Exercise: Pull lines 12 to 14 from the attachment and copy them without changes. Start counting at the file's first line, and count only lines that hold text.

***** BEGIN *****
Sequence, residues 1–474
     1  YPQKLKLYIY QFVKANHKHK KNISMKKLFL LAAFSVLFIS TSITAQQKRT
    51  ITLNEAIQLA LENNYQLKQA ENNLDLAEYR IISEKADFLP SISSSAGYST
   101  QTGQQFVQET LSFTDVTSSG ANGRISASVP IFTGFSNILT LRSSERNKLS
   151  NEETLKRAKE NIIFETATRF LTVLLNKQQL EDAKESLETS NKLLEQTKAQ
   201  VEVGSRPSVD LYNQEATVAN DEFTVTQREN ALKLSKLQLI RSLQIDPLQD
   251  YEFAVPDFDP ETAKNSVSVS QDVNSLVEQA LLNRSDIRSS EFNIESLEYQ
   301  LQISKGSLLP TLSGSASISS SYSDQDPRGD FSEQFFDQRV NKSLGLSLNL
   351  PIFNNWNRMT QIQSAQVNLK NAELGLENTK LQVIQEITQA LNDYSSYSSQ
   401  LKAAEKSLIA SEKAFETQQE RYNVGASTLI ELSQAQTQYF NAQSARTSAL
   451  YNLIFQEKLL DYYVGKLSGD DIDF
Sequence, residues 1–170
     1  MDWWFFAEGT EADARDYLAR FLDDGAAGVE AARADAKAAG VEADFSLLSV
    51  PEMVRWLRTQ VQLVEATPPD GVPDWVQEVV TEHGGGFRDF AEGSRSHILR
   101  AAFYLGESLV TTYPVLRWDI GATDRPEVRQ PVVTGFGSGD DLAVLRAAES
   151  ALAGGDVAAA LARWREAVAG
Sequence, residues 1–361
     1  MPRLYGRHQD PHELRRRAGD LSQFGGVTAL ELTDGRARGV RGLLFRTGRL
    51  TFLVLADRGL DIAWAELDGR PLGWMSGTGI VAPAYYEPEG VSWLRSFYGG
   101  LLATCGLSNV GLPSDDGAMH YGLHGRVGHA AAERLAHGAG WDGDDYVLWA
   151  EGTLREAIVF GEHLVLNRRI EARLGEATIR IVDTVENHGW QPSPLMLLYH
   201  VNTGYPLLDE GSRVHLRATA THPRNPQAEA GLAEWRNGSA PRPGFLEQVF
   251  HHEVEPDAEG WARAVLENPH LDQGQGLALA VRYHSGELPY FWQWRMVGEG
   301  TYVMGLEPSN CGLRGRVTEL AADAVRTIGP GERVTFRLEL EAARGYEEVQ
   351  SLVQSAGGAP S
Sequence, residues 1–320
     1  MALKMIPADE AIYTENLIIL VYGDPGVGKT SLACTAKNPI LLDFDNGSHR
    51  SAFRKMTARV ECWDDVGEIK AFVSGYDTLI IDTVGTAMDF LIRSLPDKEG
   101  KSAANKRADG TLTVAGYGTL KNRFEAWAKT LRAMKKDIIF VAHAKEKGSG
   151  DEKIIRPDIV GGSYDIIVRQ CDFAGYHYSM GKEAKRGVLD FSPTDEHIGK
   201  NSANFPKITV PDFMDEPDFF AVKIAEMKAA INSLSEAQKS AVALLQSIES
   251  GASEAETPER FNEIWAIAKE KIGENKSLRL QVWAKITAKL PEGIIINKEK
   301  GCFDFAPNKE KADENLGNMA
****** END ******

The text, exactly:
Sequence, residues 1–170
     1  MDWWFFAEGT EADARDYLAR FLDDGAAGVE AARADAKAAG VEADFSLLSV
    51  PEMVRWLRTQ VQLVEATPPD GVPDWVQEVV TEHGGGFRDF AEGSRSHILR